(Adds quotes from Reynders, details throughout)
FRANKFURT/WROCLAW, Poland, Sept 16 Less than 75
percent of private sector creditors have signalled they will
take part in a scheme to buy back Greek debt, far less than the
90 percent target set by Greece, a shortfall that could
jeopardise the euro zone's second bailout package for Athens.
Several sources familiar with the buyback process told
Reuters between 70 and 75 percent of the banks, insurance
companies and other private sector holders of Greek debt had
said they would take part in the scheme, a critical element in
the new, 109-billion-euro package of support for Greece.
The shortfall will now either have to be made up for by
other euro zone governments, or creditors that have signalled
they will take part may have to increase their contribution,
which already foresees a 21 percent reduction in the value of
their holdings as part of the exchange.
Belgian Finance Minister Didier Reynders played down the
potential hurdle created by the lower-than-expected
participation, saying if necessary the euro zone's EFSF bailout
fund could be used to make up the difference.
"We should have the final figures by mid-October and if by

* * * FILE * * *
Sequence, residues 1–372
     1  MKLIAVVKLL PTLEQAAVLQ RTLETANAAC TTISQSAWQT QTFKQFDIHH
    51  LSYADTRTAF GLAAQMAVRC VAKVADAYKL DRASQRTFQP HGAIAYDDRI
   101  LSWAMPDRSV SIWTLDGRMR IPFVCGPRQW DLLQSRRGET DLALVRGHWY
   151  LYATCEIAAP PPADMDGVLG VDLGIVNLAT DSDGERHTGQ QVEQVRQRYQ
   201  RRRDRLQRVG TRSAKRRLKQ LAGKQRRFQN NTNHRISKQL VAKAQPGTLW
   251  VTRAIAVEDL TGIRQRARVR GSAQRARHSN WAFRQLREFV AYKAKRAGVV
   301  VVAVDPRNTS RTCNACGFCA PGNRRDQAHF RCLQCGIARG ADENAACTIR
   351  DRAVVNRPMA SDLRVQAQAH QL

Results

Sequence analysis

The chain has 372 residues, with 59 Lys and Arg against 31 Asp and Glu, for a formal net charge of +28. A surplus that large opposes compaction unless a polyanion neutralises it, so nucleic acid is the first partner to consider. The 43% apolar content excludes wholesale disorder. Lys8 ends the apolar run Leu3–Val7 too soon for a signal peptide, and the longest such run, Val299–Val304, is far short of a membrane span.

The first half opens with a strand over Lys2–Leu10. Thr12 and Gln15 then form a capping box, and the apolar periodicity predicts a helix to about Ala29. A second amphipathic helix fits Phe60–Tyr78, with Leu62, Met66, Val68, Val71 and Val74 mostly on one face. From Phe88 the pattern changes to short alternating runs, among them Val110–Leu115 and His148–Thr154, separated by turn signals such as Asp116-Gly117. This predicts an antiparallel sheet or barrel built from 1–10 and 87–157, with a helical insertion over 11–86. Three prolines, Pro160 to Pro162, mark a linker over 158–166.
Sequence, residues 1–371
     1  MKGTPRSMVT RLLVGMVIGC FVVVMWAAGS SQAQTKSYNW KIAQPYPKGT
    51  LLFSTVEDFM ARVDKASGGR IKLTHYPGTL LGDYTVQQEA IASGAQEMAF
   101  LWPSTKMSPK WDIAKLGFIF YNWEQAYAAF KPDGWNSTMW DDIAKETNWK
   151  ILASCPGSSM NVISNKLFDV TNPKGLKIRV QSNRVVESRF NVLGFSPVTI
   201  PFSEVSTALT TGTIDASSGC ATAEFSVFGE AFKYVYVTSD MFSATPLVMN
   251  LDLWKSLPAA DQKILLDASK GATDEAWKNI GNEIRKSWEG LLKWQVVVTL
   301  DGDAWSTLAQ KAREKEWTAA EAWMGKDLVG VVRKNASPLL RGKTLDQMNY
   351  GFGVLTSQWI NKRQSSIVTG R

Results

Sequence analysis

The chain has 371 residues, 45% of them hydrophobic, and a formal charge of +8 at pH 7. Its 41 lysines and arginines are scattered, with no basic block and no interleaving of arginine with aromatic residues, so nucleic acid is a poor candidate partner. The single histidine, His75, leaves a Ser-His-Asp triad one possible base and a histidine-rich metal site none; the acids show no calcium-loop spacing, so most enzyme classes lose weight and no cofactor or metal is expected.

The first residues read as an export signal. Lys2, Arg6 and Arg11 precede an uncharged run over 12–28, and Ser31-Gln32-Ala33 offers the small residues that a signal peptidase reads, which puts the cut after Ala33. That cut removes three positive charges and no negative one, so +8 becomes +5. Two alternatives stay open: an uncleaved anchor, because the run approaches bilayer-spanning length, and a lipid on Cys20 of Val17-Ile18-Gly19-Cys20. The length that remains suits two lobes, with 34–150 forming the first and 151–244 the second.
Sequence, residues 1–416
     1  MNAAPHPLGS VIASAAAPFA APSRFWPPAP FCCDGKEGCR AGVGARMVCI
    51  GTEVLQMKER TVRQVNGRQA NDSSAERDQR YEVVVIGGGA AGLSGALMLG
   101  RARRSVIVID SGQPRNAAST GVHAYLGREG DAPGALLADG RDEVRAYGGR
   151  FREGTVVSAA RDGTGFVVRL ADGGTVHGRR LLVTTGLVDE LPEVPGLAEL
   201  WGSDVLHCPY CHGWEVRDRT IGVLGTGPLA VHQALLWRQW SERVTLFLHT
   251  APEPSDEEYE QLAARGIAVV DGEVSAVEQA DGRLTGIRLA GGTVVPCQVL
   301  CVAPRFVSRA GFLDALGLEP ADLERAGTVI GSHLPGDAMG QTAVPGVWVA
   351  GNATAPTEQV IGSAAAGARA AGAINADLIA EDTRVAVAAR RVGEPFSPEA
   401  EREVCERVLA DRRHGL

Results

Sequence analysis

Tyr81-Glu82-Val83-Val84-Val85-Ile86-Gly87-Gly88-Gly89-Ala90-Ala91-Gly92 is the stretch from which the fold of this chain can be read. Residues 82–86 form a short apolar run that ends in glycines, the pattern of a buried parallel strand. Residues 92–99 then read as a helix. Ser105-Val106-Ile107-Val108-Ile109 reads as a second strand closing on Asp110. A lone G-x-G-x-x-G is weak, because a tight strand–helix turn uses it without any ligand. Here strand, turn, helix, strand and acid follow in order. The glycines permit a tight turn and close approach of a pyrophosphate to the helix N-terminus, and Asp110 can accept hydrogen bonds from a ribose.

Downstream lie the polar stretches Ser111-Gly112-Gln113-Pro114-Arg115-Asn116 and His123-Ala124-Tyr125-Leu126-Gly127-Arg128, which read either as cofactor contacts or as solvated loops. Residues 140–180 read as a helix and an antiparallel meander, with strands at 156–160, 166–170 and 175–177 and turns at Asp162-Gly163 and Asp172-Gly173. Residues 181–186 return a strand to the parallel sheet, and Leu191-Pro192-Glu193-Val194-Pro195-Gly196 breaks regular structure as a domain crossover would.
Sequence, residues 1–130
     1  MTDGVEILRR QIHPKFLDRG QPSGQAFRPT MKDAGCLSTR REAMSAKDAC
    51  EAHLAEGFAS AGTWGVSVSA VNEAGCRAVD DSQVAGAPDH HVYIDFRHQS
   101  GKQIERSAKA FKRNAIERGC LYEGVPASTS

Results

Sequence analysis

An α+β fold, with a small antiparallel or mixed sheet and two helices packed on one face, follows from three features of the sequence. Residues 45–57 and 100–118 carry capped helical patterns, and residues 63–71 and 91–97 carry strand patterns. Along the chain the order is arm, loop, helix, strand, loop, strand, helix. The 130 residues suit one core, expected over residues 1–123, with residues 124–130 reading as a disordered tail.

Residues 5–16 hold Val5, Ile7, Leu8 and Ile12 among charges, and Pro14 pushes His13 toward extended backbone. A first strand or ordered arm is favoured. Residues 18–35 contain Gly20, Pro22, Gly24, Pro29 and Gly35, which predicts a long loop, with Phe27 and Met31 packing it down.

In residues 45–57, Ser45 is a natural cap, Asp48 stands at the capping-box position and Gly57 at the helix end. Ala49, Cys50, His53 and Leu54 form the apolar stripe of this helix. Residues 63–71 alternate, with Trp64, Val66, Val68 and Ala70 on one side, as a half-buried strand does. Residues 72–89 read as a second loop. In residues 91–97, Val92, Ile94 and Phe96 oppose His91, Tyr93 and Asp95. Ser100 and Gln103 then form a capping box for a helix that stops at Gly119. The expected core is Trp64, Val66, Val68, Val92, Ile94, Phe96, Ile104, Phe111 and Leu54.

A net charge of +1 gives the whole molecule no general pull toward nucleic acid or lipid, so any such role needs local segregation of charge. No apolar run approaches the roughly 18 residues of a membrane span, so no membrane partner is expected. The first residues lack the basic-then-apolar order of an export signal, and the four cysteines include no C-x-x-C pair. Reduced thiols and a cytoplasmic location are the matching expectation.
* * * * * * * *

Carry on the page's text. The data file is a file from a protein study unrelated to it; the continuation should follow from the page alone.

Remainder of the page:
then this figure of 70-75 percent is confirmed, we'll have to
look at the tools available to react," he told reporters in
Wroclaw, where EU finance ministers were meeting informally.
"I want to remind you that by then the EFSF will have been
strengthened," he said.
The European Financial Stability Facility will have gained
new powers by mid-October, allowing it to intervene on
secondary bond markets, extend credit lines preemptively to
at-risk governments and help recapitalise banks.
"It's one of the solutions. If the private sector does not
take up its responsibilities, somebody will have to," Reynders
told Reuters, referring to euro zone governments.
Alternatively, Athens has indicated that it has funds set
aside for banks that could be used to make up the shortfall.
Greece has already been granted 110 billion euros of
bilateral loans by the EU and IMF, the seventh tranche of which
is expected to be paid in mid-October if EU/IMF/ECB inspectors
determine that Athens has met its budget-cutting targets.
At the same time, euro zone countries have agreed to grant
Greece a second bailout of 109 billion euros, as long as there
is also a "significant" private sector participation in the
At a summit on July 21, private sector creditors,
represented by the Institute of International Finance, agreed
to take part and help reduce Greece's debt burden by around 37
billion euros via a debt buyback and bond exchange.
The IIF has said it will now go back to banks and see if it
can secure further support to raise the participation rate
closer to the 90 percent target.
(Reporting By Philipp Halstrick, Julien Toyer and Illona
Wissenbach; Writing by Luke Baker and Edward Taylor; Editing by